Missouri has become the first US state to enact a law banning the use of the word “meat” on retail products that do not come from animal flesh, according to USA Today.
The new legislation, which was signed into law on June 1 but did not take effect until yesterday, had been strongly pushed by lobbyists from the Missouri Cattlemen’s Association, who cited concerns that customers may be confused when the word appears on labels for plant-based foods.
Yet, as CBS reports, the cattle group’s main apprehension is how the impending availability of "clean meats", aka lab-grown meats – products made of animal tissue cells cultured outside of a living body – is going to affect the livelihoods of their members. Scientists have been working to perfect methods for large-scale production of these guilt-free alternatives for years, and following recent advances in cost-efficiency and flavor (early attempts were far from tasty), it appears that the first options could be hitting the shelves before the end of this year.
"The big issue was marketing with integrity and ... consumers knowing what they’re getting," Missouri Cattlemen’s Association spokesman Mike Deering stated. "There's so much unknown about this."
Now, any manufacturer offering food products in Missouri may be fined up to $1,000 and sentenced to up to one year in prison if they use "meat" on any product "not derived from harvested production livestock or poultry”.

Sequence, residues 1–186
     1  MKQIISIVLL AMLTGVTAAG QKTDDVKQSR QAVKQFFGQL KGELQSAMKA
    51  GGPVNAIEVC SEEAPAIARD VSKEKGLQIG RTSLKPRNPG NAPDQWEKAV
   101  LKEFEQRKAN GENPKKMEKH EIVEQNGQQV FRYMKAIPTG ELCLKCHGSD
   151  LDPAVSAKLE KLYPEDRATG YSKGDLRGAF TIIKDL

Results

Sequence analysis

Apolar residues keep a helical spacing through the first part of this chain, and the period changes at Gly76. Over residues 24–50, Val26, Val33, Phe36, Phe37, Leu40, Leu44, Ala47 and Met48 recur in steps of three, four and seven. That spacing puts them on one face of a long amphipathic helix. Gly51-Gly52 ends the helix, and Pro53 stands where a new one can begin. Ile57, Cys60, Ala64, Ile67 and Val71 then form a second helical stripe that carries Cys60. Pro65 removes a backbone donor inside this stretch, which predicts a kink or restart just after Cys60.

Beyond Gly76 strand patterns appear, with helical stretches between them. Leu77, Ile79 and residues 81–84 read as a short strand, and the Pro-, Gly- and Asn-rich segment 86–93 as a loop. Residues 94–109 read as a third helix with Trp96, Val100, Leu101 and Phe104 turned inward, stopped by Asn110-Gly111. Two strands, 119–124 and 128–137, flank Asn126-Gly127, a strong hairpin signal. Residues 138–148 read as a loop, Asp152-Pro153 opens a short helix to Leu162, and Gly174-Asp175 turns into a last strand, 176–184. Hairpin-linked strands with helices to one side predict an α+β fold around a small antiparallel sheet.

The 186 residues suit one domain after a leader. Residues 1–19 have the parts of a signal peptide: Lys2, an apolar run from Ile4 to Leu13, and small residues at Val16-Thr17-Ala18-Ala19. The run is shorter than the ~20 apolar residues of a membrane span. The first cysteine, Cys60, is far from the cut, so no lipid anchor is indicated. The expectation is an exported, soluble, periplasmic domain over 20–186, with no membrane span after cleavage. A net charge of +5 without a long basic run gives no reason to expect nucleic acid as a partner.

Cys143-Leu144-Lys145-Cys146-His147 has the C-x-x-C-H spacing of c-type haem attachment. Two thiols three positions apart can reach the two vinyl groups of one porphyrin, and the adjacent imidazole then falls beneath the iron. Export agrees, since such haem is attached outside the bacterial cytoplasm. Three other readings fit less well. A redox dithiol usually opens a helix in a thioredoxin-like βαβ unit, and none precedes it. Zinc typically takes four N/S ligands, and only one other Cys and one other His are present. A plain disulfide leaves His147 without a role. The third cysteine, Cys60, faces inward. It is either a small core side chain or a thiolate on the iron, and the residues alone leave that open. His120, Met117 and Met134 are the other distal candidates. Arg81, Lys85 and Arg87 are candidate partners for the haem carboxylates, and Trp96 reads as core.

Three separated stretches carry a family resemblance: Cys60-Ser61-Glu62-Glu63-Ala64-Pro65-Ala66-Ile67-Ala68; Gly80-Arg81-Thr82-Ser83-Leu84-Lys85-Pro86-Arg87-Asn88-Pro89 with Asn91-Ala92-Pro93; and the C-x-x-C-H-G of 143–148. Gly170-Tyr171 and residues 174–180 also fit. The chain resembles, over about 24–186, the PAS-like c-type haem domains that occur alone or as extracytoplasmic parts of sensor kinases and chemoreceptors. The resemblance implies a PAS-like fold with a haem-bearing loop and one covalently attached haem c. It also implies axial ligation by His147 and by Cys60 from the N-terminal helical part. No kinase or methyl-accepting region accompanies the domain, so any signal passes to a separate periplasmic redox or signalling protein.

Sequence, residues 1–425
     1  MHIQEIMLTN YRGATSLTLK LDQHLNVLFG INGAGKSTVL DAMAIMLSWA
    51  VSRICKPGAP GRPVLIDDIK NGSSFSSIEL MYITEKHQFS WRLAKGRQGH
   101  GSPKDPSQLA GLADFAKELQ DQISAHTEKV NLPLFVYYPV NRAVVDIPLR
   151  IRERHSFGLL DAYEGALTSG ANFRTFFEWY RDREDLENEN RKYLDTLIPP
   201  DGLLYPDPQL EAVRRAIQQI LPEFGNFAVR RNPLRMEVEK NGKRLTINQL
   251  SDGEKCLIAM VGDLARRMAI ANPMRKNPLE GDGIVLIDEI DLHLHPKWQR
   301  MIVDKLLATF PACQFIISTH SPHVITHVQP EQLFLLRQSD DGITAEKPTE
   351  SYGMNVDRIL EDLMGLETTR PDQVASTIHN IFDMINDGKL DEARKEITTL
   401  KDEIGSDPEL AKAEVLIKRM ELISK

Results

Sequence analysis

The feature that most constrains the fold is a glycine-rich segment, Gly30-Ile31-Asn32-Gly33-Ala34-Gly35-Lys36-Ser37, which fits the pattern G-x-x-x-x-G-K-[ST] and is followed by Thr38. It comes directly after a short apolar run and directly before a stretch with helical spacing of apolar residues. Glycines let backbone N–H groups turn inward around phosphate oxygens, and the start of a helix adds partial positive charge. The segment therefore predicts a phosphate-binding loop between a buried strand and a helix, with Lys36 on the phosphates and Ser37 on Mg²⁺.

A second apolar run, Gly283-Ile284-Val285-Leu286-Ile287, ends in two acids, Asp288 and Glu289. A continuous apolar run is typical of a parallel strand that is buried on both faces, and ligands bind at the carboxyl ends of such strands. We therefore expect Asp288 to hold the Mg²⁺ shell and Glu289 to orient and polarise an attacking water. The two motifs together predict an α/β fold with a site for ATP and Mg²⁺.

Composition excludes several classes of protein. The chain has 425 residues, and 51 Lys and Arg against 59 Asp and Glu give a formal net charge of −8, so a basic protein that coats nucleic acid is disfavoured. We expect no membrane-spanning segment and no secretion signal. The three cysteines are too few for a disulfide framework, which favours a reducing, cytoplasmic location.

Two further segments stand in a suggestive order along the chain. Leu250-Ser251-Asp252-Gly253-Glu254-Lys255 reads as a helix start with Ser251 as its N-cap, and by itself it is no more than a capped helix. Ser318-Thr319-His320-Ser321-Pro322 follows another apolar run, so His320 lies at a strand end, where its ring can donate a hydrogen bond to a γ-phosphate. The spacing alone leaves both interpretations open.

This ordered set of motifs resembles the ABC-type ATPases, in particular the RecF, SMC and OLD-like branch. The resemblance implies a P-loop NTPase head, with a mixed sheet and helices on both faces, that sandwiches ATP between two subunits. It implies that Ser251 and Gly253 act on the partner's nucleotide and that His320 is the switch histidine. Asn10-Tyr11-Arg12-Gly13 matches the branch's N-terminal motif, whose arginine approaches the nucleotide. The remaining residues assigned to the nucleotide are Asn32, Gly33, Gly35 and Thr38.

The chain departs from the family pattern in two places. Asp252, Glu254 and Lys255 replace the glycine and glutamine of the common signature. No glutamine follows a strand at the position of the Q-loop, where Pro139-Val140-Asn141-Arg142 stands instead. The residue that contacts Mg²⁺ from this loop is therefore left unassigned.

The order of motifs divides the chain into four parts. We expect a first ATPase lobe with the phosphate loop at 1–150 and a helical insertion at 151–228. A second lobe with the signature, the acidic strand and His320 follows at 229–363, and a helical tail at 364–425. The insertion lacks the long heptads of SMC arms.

But the plant-based food industry and animal rights advocates are striking back. On Monday, the vegetarian food giant that owns the Tofurky brand filed an injunction against the new statute in Missouri Federal Court, arguing that that restricting use of "meat" violates their First Amendment rights and that the bill was written with the blatant intent of commercially harming the meat industry's competitors. Their co-plaintiff is a Washington DC-based group called the Good Food Institute.
The complaint also states that “[c]onsumers are not likely to be confused by use of the term “meat” to refer to foods other than slaughtered animals because, historically, the term “meat” has had multiple meanings, including to describe the edible part of any food, such as a fruit or nut.”
"I have always envisioned Tofurky serving a greater purpose beyond the plate, acting as an engine for global change," said Tofurky CEO Jaime Athos in a statement about the suit. "Using our privately-held position to extinguish threats to legal definitions of terms like “meat,” is one way we can further our mission to help reduce global dependence on animal agriculture; therefore, improving environmental sustainability, animal welfare, and human health."
Earlier this summer, the FDA announced plans to crack down on use of the word "milk" on products that do not come from lactating animals.